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To: Prime Minister Rishi Sunak

Urgent Investment for Long Covid: Call to Action for Prime Minister Rishi Sunak

UPDATE: We received a response to our letter from Maria Caulfield MP. You can read the letter here: We are currently reviewing the contents of the letter and assessing the next steps we will take in response to it. We remain committed to advocating for our cause and will continue to keep you updated on any developments through our social media channels.

On behalf of those with Long Covid and endorsed by several clinicians and researchers, the Long Covid Groups delivered a letter to No. 10 Downing Street on the 6th December 2023.

Please sign our petition in support of our letter.

Our letter:

Dear Prime Minister,

We write on behalf of the 1.9 million people in the UK, including 62,000 children and young people, who are living with long-term impairment and disability following a COVID-19 infection. In addition to representing their voices, our concern extends to those previously infected with SARS-CoV-2 who are unaware of the potential life-limiting issues they could face in the future due to the damage inflicted by this virus.

We, as an alliance of charitable organisations comprising Long Covid Kids, Long Covid Support, Long Covid SOS and Long Covid Physio, share grave concerns about the lack of investment in biomedical research and clinical trials into treatments that could address the complex pathophysiology and improve the health outcomes of individuals whose lives have been seriously affected by this condition.

(please see our website for the full copy of the letter)

Why is this important?

Our collective appeal is centred around the urgent need for a clear road map on targeted investment in biomedical and health research. We propose a comprehensive 5-step strategy that includes:

1. Dedicated Research Funding: Allocate resources specifically earmarked for biomedical and health research into both adult and paediatric Long Covid. By doing so, we can accelerate the pace of discovery by uncovering the intricate pathophysiology of the condition.

2. Collaborative Research Initiatives: Foster interdisciplinary collaboration between research institutions, healthcare providers, charitable organisations and those with lived experience to create a unified approach with shared expertise, resources, and data, leading to more robust and impactful studies.

3. Treatment Trials: Fund and expedite clinical trials for potential treatments. By streamlining regulatory processes and providing support for innovative therapies, we can fast-track the development of interventions that improve health outcomes.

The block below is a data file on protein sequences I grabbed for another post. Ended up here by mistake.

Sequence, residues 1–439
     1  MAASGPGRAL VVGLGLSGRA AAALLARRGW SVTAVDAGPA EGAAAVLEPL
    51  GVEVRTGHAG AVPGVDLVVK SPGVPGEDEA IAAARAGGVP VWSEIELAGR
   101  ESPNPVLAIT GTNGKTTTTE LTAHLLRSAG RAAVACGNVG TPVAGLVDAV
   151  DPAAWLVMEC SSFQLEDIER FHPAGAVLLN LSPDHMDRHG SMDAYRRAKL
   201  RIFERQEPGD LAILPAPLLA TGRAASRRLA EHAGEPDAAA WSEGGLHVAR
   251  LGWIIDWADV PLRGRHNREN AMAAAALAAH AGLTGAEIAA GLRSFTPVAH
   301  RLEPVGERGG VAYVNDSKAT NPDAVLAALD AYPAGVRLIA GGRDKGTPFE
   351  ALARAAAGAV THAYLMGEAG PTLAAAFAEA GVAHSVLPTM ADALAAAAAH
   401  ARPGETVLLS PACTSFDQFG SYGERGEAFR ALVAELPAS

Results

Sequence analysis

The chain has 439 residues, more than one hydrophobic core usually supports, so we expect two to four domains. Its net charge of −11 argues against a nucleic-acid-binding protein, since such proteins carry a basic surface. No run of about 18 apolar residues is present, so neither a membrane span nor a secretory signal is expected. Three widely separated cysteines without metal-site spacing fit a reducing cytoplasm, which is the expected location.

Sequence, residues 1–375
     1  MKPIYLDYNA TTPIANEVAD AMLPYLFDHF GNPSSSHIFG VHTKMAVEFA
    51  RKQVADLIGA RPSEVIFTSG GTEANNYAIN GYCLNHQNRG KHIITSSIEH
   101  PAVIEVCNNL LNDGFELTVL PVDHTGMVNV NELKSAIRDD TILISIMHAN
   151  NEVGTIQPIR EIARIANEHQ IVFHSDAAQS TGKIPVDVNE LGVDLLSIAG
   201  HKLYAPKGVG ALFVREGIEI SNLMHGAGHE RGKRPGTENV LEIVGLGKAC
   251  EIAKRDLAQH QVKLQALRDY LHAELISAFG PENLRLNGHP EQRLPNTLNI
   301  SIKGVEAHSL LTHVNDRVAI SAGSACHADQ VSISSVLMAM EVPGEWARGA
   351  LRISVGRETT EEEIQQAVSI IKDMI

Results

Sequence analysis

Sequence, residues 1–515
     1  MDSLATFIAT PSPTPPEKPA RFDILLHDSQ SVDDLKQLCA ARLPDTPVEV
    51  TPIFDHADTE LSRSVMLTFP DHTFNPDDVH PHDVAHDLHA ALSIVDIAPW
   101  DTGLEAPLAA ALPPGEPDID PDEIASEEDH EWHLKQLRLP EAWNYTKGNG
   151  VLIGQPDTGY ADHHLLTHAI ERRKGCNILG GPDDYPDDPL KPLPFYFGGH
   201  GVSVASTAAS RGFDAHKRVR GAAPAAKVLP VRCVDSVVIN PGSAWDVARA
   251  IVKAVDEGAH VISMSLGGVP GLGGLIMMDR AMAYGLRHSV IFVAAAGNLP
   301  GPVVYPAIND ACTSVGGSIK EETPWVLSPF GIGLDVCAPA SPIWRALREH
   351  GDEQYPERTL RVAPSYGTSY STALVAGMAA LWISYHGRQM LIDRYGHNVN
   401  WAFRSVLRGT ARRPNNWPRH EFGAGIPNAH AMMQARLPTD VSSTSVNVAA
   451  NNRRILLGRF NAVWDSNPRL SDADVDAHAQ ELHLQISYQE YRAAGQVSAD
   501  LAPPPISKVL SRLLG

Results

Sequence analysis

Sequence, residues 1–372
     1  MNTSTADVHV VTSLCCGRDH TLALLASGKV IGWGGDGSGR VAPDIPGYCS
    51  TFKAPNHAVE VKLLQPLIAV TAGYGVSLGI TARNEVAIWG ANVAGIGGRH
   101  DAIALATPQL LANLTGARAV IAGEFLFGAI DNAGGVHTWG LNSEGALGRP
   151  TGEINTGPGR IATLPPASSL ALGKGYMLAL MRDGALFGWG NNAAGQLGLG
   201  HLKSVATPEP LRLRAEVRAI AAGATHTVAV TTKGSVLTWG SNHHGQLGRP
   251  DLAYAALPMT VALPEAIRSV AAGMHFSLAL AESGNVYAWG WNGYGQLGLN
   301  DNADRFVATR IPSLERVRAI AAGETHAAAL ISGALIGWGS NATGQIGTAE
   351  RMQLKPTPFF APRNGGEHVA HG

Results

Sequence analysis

4. Public Awareness and Education: Invest in public awareness campaigns to educate individuals about the potential long-term consequences of COVID-19 and the barriers and stigma they may experience with it. Early awareness can prompt proactive healthcare-seeking behaviour and contribute to more effective management of the condition which in turn will reduce the impact on healthcare services.

5. Service Provision: Continue funding specialised services to support adults, children, and young people (along with their families) who are suffering from Long Covid.

Long Covid, identified as a chronic condition, has demonstrated varied outcomes in paediatric services, with 56% improving one functional severity category while 40% remain broadly the same level of impairment and 0.4% show deterioration. At 6 months, the largest UK service has demonstrated that the number of children and young people with over 50% school attendance has more than doubled.

Moreover, individuals with Long Covid exhibit the highest healthcare utilisation over a 2-year period, spanning general practice, emergency department, and outpatient care. They also demonstrate the second-highest rates of hospital and critical care admission when compared to both pre-pandemic and pandemic control groups. Long Covid care, estimated at over £3000 per person per year, is nearly four times more than care for the same individuals before the pandemic and nearly three times as much as care in age- and comorbidity-matched individuals before and during the pandemic.

Given these substantial healthcare needs and associated costs, patients require ongoing management, monitoring, and support through specialised clinical networks. These networks should be designed to seamlessly integrate research findings into clinical care, ensuring a comprehensive and effective approach to addressing the challenges posed by Long Covid.



2024-03-05 11:15:44 +0000

Please see update at the top of this page.

2023-12-23 11:38:16 +0000

5,000 signatures reached

2023-12-04 23:45:16 +0000

1,000 signatures reached

2023-12-04 20:39:34 +0000

500 signatures reached

2023-12-04 14:22:12 +0000

100 signatures reached

2023-12-04 13:17:13 +0000

50 signatures reached

2023-12-03 20:43:30 +0000

25 signatures reached

2023-12-03 19:26:15 +0000

10 signatures reached